Comments on the Tao Te Ching

using the D.C. Lau translation (Penguin Books, 1963)



Yin & Yáng and the I Ching

Zen and the Art of Divebombing, or The Dark Side of the Tao

History of Philosophy, Chinese Philosophy

History of Philosophy

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Copyright (c) 1997, 1999, 2000, 2005, 2006, 2007, 2008, 2009, 2012 Kelley L. Ross, Ph.D. All Rights Reserved


Comments on the Tao Te Ching, Note;
Sun Tzu and Flavius Vegetius Renatus


Sun Tzu sounds the most like a Taoist when he counsels against frontal attacks. One should direct one's army as though it were the supreme example of the Tao, water, . Water overcomes obstacles by flowing around and undermining them. The ideal battle for Sun Tzu is won before action is even joined.

One of the most important pieces of advice in Sun Tzu is stated very briefly: "[B]e sure to leave an opening for an army that is surrounded" [Victor H. Mair, The Art of the War, Sun Zi's Military Methods, Columbia University Press, 2007, p.104], or "When you surround an army leave an outlet free" [Lionel Giles, Roots of Strategy, The 5 Greatest Military Classics of All Time, edited by Brig. Gen. Thomas R. Phillips, 1940, Stackpole Books, 1985, p.40]. Sun Tzu does not explain why one should leave an opening. The effect of it, however, we can see in the Battle of the River Sajó (or Mohi), fought by the Mongols under the Khân Batu against King Bela IV of Hungary in 1241. After some Hungarian success, the Mongols surrounded the Hungarian camp. Leaving a gap in their encirclement, the Mongols tempted the Hungarians to flee, which they did, and could then be cut down on the run.

Where we find an explanation of this practice is in the Roman strategist Flavius Vegetius Renatus (De Re Militari, Lieutenant John Clarke, Roots of Strategy, The 5 Greatest Military Classics of All Time, op.cit., pp.65-175]):

THE FLIGHT OF AN ENEMY SHOULD NOT BE PREVENTED, BUT FACILITATED. Generals unskilled in war think a victory incomplete unless the enemy are so straightened in their ground or so entirely surrounded by numbers as to have no possibility of escape. But in such situations, where no hopes remain, fear itself will arm an enemy and despair inspires courage. When men find they must inevitably perish, they willingly resolve to die with their comrades and with their arms in their hands. The maxim of Scipio, that a golden bridge should be made for a flying enemy, has much been commended. For when they have free room to escape they think of nothing but how to save themselves by flight, and the confusion becoming general, great numbers are cut to pieces. The pursuers can be in no danger when the vanquished have thrown away their arms for greater haste. In this case the greater the number of the flying army, the greater the slaughter. [p.164, boldface added]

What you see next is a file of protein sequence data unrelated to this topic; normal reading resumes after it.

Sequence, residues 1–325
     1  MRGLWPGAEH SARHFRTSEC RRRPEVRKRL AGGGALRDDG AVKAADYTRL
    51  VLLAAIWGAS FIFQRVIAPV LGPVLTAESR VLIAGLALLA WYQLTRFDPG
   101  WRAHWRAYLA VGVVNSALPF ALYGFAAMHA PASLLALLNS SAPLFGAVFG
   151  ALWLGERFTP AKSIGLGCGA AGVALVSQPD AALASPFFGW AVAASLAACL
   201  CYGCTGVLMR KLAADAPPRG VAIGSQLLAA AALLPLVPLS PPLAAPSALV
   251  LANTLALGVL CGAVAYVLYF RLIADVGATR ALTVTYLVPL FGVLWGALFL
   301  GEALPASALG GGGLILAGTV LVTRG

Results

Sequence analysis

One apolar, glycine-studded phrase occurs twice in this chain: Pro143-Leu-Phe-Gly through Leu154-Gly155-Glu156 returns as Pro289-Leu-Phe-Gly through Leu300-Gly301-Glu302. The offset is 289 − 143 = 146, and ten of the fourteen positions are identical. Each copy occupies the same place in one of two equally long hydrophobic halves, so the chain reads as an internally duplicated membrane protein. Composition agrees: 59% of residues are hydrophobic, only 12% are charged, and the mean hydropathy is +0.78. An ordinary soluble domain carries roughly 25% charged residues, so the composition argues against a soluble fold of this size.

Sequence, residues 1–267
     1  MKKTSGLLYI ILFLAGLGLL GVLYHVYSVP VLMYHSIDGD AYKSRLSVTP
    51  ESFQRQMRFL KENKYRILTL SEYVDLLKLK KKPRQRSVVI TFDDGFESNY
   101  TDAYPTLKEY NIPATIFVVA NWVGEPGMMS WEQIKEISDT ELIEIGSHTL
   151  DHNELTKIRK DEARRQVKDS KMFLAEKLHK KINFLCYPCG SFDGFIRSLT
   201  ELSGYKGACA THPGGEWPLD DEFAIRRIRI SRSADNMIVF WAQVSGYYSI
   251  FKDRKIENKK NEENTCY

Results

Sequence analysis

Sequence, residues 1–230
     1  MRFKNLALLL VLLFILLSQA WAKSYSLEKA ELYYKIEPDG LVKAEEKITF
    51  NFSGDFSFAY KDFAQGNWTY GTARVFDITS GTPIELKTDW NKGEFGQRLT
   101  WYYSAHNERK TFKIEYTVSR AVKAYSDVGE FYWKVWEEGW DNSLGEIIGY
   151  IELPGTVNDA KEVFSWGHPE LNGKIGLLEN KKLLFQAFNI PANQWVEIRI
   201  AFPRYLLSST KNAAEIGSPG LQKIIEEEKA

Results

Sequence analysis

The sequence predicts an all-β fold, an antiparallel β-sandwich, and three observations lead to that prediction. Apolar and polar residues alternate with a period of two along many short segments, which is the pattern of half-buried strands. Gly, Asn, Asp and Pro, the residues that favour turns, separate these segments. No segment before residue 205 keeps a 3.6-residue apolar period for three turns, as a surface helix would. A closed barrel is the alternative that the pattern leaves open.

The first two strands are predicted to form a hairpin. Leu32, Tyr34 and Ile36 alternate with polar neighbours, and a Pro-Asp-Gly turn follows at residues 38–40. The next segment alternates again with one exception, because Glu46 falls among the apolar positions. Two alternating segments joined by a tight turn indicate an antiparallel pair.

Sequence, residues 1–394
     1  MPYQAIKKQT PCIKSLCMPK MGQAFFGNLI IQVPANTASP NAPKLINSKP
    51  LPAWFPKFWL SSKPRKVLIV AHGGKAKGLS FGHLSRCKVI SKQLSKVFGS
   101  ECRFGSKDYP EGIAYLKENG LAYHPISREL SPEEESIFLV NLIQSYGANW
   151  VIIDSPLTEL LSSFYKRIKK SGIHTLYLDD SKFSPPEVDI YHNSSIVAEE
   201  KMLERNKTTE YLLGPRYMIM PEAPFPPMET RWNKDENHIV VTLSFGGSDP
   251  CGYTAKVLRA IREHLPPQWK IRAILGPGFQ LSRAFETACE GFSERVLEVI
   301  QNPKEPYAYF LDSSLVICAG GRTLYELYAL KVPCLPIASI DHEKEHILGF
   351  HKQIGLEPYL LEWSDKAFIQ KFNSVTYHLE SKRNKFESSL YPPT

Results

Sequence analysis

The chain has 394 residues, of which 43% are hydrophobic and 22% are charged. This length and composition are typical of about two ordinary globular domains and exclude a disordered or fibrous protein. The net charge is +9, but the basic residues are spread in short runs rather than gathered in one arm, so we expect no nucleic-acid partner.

Nothing could so vividly describe the result of an action like that of the River Sajó. The reference of the "golden bridge," however, has not always been understood in military history. Thus, the Marshal Maurice de Saxe of France (1696-1750) in his "My Reveries Upon the Art of War" says:

The words of the proverb: "A bridge of gold should be made for the enemy," is followed religiously. This is false. On the contrary, the pursuit should be pushed to the limit. And the retreat which had appeared such a satisfactory solution will be turned into a route [sic]. A detachment of ten thousand men can destroy an army of one hundred thousand in flight. Nothing inspires so much terror or occasions so much damage, for everything is lost. [Brig. Gen. Thomas R. Phillips, op.cit., p.299]

De Saxe apparently is thinking that the "bridge of gold" means that one should allow the enemy to escape. He cannot have recently read Vegetius if he believed such a thing. But he is clearly aware that a retreating enemy can well provide an opportunity for attack. He does not express, however, as Vegetius does, under what circumstances a retreating enemy can be fruitfully attacked. We return to Sun Tzu again, who says, "Do not pursue an enemy who simulates flight" [Lionel Giles, op.cit., p.40]. An orderly retreat may be as difficult to attack as a resolute defense. Vegetius sees opportunity when the retreat of the enemy is a flight in panic, which can be induced by providing the "bridge of gold" to an army already demoralized. We must aways guard, however, against deception by an enemy who wants us to think that they are fleeing in panic. This was how the Arabs defeated the Romans at the Battle of Yarmuk in 636, delivering Syria and Palestine permanently into the hands of Islâm. The Arabs gave way and appeared to flee, but then they turned on the pursuing Romans, who had become disorganized in their own enthusiasm. In more subtle fashion, Hannibal had given way before the Romans at Cannae, to lure them into a pocket, where they were slaughtered.

The Taoist way of war is thus not so unique after all, and it even clarifies the value of Sun Tzu's advice when we compare it with strategists in Western military history. We might say that Vegetius does a much better job of explaining Sun Tzu than Sun Tzu does.

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Philosophy of History, Military History